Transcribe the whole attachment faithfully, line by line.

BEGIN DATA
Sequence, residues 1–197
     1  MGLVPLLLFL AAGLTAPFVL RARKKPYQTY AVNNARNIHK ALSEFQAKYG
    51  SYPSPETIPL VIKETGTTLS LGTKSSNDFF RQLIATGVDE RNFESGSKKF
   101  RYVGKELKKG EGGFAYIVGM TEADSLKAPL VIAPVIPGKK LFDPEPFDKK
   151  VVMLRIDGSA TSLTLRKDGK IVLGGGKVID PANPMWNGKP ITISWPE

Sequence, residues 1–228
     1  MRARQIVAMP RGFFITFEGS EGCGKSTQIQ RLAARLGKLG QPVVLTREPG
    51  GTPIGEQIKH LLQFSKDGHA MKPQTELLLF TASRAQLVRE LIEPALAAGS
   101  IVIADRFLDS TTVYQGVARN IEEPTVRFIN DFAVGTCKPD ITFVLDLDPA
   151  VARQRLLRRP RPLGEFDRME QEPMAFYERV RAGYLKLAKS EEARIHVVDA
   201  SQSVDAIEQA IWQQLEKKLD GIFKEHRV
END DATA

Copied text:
Sequence, residues 1–197
     1  MGLVPLLLFL AAGLTAPFVL RARKKPYQTY AVNNARNIHK ALSEFQAKYG
    51  SYPSPETIPL VIKETGTTLS LGTKSSNDFF RQLIATGVDE RNFESGSKKF
   101  RYVGKELKKG EGGFAYIVGM TEADSLKAPL VIAPVIPGKK LFDPEPFDKK
   151  VVMLRIDGSA TSLTLRKDGK IVLGGGKVID PANPMWNGKP ITISWPE

Sequence, residues 1–228
     1  MRARQIVAMP RGFFITFEGS EGCGKSTQIQ RLAARLGKLG QPVVLTREPG
    51  GTPIGEQIKH LLQFSKDGHA MKPQTELLLF TASRAQLVRE LIEPALAAGS
   101  IVIADRFLDS TTVYQGVARN IEEPTVRFIN DFAVGTCKPD ITFVLDLDPA
   151  VARQRLLRRP RPLGEFDRME QEPMAFYERV RAGYLKLAKS EEARIHVVDA
   201  SQSVDAIEQA IWQQLEKKLD GIFKEHRV